According to Elkaim, spinach rarely gets the credit it deserves for its protein content, but one cup (cooked) contains 6g. "Add it fresh to green drinks and smoothies, use it instead of lettuce in your salad or sauté it with some garlic, onions and a squeeze of lemon and you’ll get a healthy dose of protein along with the iron and vitamin content that it’s better known for, such as vitamins K, A, B, E, C, manganese, folate, magnesium, iron, copper, calcium, potassium, fiber, phosphorus, zinc, choline, and selenium," he adds. Apart from helping you feel full, but not bloated, spinach can help raise iron levels so you have more energy throughout the day.
In 2014, William Paterson University named watercress its top superfood (out of 41 powerhouse fruits and veggies) in terms of its disease-fighting nutrient profile. The low-cal veggie (just 4 calories per chopped cup) is grown in natural spring water, and has high levels of nitrates, which have been shown to lower blood pressure, Elkaim says. The alpha-lipoic acid in watercress lowers glucose levels, and it has high levels of vitamins C, K, and A, which prevent oxidative stress. Watercress is also known for being a diuretic, a digestive aid, and for its ability to speed up recovery time post-workout.
"Chard contains very powerful antioxidants that have cardio-protective and blood sugar regulating effects," Elkaim says. The leafy vegetable is high in nitrates, helping to lower blood pressure and improve muscle oxygenation, and the pigments in its leaves provide antioxidant, anti-inflammatory, and detoxification support. The alpha-lipoic acid even helps to manage diabetes by lowering glucose levels and increasing insulin sensitivity. This is the perfect food to supercharge your weight loss.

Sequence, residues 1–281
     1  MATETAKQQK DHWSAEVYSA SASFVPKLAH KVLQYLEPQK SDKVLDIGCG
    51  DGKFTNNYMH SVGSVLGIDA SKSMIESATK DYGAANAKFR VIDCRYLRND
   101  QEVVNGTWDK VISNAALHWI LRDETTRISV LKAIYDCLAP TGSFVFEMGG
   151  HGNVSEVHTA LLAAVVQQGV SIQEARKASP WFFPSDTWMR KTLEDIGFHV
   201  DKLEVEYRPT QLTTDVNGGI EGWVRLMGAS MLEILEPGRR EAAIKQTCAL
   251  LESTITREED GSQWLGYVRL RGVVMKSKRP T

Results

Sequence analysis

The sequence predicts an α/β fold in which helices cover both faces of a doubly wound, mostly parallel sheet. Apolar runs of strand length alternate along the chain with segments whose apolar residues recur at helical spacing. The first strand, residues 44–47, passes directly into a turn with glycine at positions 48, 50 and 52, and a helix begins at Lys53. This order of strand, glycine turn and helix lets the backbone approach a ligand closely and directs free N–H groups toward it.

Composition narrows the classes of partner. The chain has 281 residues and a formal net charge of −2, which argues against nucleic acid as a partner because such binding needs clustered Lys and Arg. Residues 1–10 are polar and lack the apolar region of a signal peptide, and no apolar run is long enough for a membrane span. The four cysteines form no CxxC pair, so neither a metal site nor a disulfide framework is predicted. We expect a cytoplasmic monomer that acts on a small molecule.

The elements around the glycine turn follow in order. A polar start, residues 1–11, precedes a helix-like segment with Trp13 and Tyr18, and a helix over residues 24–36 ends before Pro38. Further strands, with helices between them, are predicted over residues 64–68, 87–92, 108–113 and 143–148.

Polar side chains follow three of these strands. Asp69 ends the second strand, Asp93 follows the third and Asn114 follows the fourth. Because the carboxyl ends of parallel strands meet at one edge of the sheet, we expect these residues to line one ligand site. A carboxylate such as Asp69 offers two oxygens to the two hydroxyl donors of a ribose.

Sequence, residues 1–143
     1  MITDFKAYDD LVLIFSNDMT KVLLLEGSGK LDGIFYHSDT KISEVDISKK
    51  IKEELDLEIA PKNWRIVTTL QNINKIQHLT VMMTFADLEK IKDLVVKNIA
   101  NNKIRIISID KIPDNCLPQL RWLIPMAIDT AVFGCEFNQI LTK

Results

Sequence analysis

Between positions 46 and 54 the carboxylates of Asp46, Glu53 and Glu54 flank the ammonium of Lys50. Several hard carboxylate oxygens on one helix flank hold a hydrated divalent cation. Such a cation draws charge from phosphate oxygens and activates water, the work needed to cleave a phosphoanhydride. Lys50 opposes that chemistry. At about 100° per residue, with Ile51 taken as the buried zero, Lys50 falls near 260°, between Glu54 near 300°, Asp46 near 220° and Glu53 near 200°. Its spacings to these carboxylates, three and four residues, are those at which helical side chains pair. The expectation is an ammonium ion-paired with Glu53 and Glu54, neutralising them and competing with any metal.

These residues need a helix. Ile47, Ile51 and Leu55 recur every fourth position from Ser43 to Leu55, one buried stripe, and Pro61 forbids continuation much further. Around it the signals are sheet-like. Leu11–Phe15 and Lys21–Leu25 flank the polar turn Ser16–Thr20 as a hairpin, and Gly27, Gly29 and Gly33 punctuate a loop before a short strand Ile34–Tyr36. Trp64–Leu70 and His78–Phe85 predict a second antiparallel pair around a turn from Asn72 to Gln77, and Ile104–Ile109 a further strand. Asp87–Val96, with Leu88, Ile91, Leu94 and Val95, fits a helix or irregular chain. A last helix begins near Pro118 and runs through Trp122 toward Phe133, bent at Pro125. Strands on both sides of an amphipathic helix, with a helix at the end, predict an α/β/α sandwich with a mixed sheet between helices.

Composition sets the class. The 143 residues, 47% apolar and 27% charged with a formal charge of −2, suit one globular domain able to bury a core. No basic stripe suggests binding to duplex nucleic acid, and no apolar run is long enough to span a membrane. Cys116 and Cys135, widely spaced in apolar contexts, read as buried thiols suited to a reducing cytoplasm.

Beet greens and their roots are exceptional for weight loss because they're low in calories and nutrient dense. "A good source of iron, which is essential for oxygen transport in the blood and in myoglobin in our muscles, beet greens can help increase your energy levels to help you power through a workout," Elkaim says. They're also rich in carotenoids, which protect against age-related macular degeneration.
"Coconut oil is readily used by the body as an energy source," Elkaim says. It's a heart-healthy fat tha's been shown to improve cholesterol profiles, reduce inflammation, and rev metabolism, too. Not sure how to incorporate it into your diet? Elkaim suggests adding 1-3 tablespoons of coconut oil into your morning tea, or melting it over salmon with a bit of garlic. It's easy to cook with (because of its high smoking point) and you’ll enjoy powerful antiviral and antibacterial benefits, as well. (Plus, if you add it to rice when you cook it, you'll cut calories by up to 60 percent!)
Avocados are the ideal healthy fat because they "keep you full by slowing down digestion," Cording says. What's more, the fruit is packed with potassium, which fights bloating, so all that hard work you've done on your abs will show. "Avocadoes have about 14 grams of healthy fat per half a fruit, so they’ll increase your post-snack satiation (meaning you’ll be likely to eat less at the next meal), and on top of its good-for-you fats, avocado consumption actually aids in the absorption of vital nutrients when eaten with other fruits and veggies," Elkaim adds. Just be careful not to go overboard—even healthy foods can pack on the pounds if you're not careful.
Red palm oil comes from the palm tree family (just like coconut oil), only it's thicker in consistency, has an earthier taste, and actually contains the highest amount of vitamins A and E of any plant-based oil. "Blend it into your morning smoothie, or melt it over meat to get satiating fats, tons of Vitamin E, and heart-protective benefits, which will fuel lifelong fitness," Elkaim says.